The Madrid: Theater Review
NY City Center Stage I, New York (runs through May 5)
Edie Falco, Phoebe Strole, John Ellison Conlee, Christopher Evan Welch, Heidi Schreck, Frances Sternhagen, Seth Clayton, Brooke Ashley Laine
Edie Falco stars in this Off-Broadway drama by "Nurse Jackie" producer Liz Flahive about a woman who abandons her family.
It’s not surprising that Edie Falco would have been attracted to The Madrid, the new off-Broadway drama being presented by the Manhattan Theatre Club. The intriguing storyline concerns a woman who suddenly walks out on her husband and 22-year-old daughter. And the play was written by Liz Flahive, a producer on Falco's acclaimed Showtime series Nurse Jackie.
But the material sadly lets her down. While brilliant as the pill-popping nurse attempting to juggle her messed up personal and professional lives, Falco is disappointingly one-note in this shallow drama whose opaque central character never comes into focus.
The play begins with kindergarten teacher Martha (Falco) having already disappeared from the lives of her loving husband John (John Ellison Conlee) and vivacious daughter Sarah (Phoebe Strole). John is bereft, organizing a yard sale to dispose of their possessions, while Sarah is left adrift and confused.
Eventually, Martha reappears, suddenly showing up at the Starbucks where Sarah works. It turns out she is living nearby, in a shabby downtown apartment house dubbed “The Madrid.” When she takes up her mother’s invitation to stop by, Sarah is aghast at the rundown abode, littered with empty pizza boxes and featuring a beanbag chair, a small television equipped with rabbit ears and a poster of Jane Fonda’s old mug-shot. It turns out that Martha, who has apparently been saving up for years to finance her escape, is spending her time at a local bar emceeing open-mike nights.
Other characters figuring in the proceedings are John’s long-married neighbors Becca (Heidi Schreck) and Danny (Christopher Evan Welch), with the latter seeming to have an uncomfortably close relationship with Sarah; their neurotic, freakishly tall teen-age son Dylan (Seth Clayton); and Martha’s elderly mother Rose (Frances Sternhagen), who’s in the early stages of dementia.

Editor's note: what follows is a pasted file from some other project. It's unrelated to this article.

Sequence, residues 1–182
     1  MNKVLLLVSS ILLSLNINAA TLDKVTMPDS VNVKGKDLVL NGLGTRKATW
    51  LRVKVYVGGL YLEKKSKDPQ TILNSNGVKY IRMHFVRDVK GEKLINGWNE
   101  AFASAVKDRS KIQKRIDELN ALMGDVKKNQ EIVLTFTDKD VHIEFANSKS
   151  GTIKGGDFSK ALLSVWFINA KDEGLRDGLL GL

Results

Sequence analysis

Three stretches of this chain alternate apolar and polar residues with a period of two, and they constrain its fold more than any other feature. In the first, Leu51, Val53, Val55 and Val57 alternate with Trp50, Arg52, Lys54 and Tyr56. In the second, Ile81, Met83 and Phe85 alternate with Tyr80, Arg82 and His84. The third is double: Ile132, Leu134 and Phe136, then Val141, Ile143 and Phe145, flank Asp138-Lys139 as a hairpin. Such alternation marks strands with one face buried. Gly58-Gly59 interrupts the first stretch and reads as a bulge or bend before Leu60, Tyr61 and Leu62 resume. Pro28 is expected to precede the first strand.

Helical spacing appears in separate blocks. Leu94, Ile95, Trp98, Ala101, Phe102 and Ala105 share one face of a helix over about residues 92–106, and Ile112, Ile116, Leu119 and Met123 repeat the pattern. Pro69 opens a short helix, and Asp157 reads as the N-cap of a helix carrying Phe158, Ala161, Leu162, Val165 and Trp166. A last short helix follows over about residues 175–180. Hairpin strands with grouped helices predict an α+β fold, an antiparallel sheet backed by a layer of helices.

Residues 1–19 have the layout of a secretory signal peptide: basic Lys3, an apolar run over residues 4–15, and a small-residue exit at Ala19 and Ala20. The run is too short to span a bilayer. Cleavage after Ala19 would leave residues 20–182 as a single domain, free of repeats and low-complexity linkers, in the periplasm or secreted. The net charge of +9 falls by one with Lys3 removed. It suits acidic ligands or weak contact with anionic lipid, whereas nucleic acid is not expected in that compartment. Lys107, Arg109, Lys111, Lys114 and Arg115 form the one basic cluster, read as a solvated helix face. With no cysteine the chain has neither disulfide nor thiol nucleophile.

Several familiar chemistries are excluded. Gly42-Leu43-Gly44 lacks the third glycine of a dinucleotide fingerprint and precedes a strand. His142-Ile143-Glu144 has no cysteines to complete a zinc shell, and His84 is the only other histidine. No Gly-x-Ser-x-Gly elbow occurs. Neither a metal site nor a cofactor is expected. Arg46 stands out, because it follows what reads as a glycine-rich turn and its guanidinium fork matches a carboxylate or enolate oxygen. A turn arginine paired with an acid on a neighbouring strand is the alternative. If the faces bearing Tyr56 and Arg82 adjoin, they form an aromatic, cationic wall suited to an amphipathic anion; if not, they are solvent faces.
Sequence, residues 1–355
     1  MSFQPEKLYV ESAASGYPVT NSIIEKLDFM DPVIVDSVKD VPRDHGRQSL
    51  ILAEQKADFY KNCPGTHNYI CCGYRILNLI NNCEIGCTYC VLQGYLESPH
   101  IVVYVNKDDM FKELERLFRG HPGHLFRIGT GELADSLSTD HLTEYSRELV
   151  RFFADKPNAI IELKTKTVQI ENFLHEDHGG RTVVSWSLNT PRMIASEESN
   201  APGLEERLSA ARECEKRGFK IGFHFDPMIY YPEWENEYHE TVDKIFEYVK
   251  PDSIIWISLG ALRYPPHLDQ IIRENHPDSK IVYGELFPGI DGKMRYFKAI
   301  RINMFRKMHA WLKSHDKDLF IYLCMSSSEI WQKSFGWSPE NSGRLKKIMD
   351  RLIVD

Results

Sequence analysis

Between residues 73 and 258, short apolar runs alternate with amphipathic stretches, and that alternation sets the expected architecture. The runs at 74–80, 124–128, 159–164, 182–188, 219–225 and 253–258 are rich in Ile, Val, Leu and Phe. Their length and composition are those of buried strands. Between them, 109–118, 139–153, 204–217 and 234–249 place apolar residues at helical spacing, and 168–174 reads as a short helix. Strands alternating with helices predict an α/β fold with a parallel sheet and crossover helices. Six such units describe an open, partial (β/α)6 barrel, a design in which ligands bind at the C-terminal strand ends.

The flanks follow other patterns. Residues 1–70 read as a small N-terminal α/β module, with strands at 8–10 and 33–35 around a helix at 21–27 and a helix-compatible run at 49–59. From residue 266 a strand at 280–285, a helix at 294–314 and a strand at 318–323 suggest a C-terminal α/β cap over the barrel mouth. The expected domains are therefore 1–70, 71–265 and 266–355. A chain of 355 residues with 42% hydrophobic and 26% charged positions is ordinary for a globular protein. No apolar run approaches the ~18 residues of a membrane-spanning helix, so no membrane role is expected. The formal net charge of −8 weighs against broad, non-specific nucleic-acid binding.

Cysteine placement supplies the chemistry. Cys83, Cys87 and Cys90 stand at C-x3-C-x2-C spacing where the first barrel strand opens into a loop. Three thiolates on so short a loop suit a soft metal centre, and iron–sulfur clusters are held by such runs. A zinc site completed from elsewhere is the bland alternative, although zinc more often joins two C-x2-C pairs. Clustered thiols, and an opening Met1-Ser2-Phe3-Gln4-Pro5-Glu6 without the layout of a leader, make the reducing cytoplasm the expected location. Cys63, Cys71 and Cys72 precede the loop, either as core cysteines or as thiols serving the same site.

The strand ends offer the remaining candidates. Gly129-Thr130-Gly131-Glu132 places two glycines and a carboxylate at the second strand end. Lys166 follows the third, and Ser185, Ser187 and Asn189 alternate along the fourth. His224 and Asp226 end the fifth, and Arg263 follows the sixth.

The playwright fails to deliver on her provocative premise, frittering away the tension in scenes featuring plenty of quirky comic dialogue but little in the way of psychological depth. Silly jokes abound, such as Becca suddenly showing up in a “Black Swan” costume because it’s Halloween or Dylan affecting the booming voice of a giant to placate the addled grandmother. Despite some affecting moments, the play lacks narrative momentum or dramatic impact, and the wanderlust of the midlife crisis-afflicted Martha is never satisfactorily explored. Director Leigh Silverman is ultimately unable to reconcile the play’s ever-shifting tones.
Falco, who spends much of the play with a sheepish grin plastered on her face, fails to make much of an impression. The supporting players fare much better, with Conlee and Strole quietly moving as the confused family members left behind and Welch providing subtle grace notes as the quietly anguished Danny. Unfortunately, most theatergoers won’t have the opportunity to appreciate the latter’s performance, since the actor is almost immediately departing the production to begin filming a pilot for HBO.
Venue: New York City Center Stage I, New York (runs through May 5)
Cast: Seth Clayton, John Ellison Conlee, Edie Falco, Brooke Ashley Laine, Heidi Schreck, Frances Sternhagen, Phoebe Strole, Christopher Evan Welch
Director: Leigh Silverman
Playwright: Liz Flahive
Set designer: David Zinn
Costume designer: Emily Rebholz
Lighting designer: Jeff Croiter
Sound designer: Jill BC Du Boff
Presented by Manhattan Theatre Club
- Watch Katherine Heigl Tearfully Come Out As a Lesbian in This Jenny’s Wedding Clip
- Amy Schumer Is Now the Human Pyramid on Which Jennifer Lawrence Stands
- 9 Embarrassing Ways Brands Are Responding to Drake and Meek Mill’s Beef
- Coach Taylor Is Back! It’s Only for a Movie Theater PSA, But Who Cares — Clear Eyes, Full Hearts